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Chinese Medicine
Three Thousand Years of Evolution

Chinese Medicine is a coherent and independent system of thought and practice that has been developed over two millennia. Based on ancient texts, it is the result of a continuous process of critical thinking, as well as extensive clinical observation and testing. It represents a thorough formulation and reformulation of material by respected clinicians and theoreticians. It is also, however, rooted in the philosophy, logic, sensibility, and habits of a civilization entirely foreign to our own. It has therefore developed its own perception of the body and of health and disease.

Within the Eastern world view, a human being is a living microcosm, a universe in miniature, the offspring of Heaven and Earth, a fusion of cosmic and terrestrial forces. People are recognized as beings with a self-aware mind embodied in physical form. The unseen and the seen, psyche and soma, are mutually valid and cogenerative: the body provides a home for the mind, and the spirit, nestled securely within the body, animates physical life.

Whereas modern medicine relies on Cartesian-Newtonian science, Chinese Medicine is embedded within a philosophy of nature. A postulate of Chinese Medicine is that by observing patterns in the natural world, the dynamics of human nature are known - as above so below. The world is a single, unbroken wholeness that exists without and within. Chinese medical logic relies upon correspondence thinking: things that correspond to the same thing correspond to each other. Human physiology and identity in Chinese Medicine proceed from the assumption that each person is a universe in miniature, so the same forces that shape the macrocosm swirl within each of us, organizing our interior. Life arises from the magnetic interplay of the polar forces Yang and Yin, Heaven and Earth, heat and cold, sun and shadow, dryness and wetness, summer and winter. Just as these divisions are relational, so all living processes are seen as a mosaic of connected relationships and conditions.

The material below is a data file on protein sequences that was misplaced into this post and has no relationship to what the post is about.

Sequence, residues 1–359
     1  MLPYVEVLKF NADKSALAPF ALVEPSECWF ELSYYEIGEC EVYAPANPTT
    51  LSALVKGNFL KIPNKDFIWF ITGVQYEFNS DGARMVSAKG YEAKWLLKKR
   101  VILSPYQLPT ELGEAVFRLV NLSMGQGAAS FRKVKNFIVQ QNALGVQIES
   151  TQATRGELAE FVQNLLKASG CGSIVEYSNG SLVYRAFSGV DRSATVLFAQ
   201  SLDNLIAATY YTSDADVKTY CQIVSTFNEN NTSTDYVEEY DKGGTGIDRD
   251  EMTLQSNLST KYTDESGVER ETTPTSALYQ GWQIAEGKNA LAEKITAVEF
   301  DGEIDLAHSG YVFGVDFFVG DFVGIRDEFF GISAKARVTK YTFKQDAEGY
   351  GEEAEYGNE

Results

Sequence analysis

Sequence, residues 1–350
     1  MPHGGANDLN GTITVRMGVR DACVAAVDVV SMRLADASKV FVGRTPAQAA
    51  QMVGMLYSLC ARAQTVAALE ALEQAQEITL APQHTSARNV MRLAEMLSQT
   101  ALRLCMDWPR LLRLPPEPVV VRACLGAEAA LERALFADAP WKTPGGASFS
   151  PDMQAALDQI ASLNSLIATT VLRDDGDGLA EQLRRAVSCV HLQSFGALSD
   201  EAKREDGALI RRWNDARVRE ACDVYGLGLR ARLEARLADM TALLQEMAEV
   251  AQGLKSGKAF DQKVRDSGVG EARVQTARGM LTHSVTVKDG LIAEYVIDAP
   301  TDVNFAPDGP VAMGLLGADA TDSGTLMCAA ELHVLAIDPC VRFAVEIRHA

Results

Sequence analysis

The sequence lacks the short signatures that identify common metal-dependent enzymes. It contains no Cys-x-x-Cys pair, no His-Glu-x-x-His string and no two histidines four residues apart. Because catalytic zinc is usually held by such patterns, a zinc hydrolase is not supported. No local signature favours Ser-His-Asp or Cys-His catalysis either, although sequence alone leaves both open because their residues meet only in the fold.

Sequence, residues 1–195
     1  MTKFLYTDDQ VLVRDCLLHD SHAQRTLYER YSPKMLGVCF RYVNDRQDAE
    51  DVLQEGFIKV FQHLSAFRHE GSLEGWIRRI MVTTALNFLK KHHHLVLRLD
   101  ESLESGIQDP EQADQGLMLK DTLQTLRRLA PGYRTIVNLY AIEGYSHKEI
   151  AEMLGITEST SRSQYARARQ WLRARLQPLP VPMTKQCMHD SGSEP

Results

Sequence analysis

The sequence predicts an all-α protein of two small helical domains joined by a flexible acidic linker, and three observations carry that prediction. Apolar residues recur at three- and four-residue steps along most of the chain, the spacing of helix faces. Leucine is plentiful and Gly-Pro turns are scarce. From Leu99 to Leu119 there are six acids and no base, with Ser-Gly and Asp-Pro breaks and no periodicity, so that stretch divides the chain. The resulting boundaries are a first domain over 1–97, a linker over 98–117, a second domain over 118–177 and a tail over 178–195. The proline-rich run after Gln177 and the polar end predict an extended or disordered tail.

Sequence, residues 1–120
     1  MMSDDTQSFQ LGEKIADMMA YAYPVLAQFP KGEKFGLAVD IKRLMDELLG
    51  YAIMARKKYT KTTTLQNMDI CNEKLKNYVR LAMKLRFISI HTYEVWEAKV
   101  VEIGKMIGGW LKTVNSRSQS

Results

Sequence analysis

In short, the human body is viewed as an ecosystem, and the language of Chinese Medicine is based on metaphors from nature. Each person has a unique terrain to be mapped, a resilient yet sensitive ecology to be maintained. As a gardener adjusts irrigation and applies compost, so the traditional Chinese doctor uses acupuncture, herbs, food, massage (Tui Na) and exercise (Tai Chi and Qi Gong) to recover and preserve health.

Health results from the proper balance of contenting forces. In simple terms, diagnosis identifies imbalance, while treatment seeks to restore harmony. Whereas in Western medicine, diagnosis is an attempt to name disease, in Chinese Medicine the goal is to recognize patterns of disharmony. Health is considered to be the ability of the organism to respond appropriately to a wide variety of challenges while maintaining equilibrium, integrity and coherence.

Ontology and pathology are closely linked: how people get sick is inextricably tied to who they are. Chinese medical thinking is holographic: each aspect of bodily life reflects the whole of which it is a part, all parts are in constant interaction with each other, and universal patterns are replicated at every level of human existence. The categories of classification in Chinese Medicine are interdependent, exist along a continuum, and are neither fixed nor absolute. The body is viewed more as a functional entity than a structural one.

How does Chinese Medicine work?

Chinese Medicine works by reestablishing balance and harmony within the body. This means balance between yin and yang, balance between the five elements, balance between the organs, and balance between the fundamental substances of the body. This balance is reestablished by supporting the body's healthy or righteous energy and attacking any unhealthy or evil energy.

How does the Chinese medical practitioner determine what is out of balance?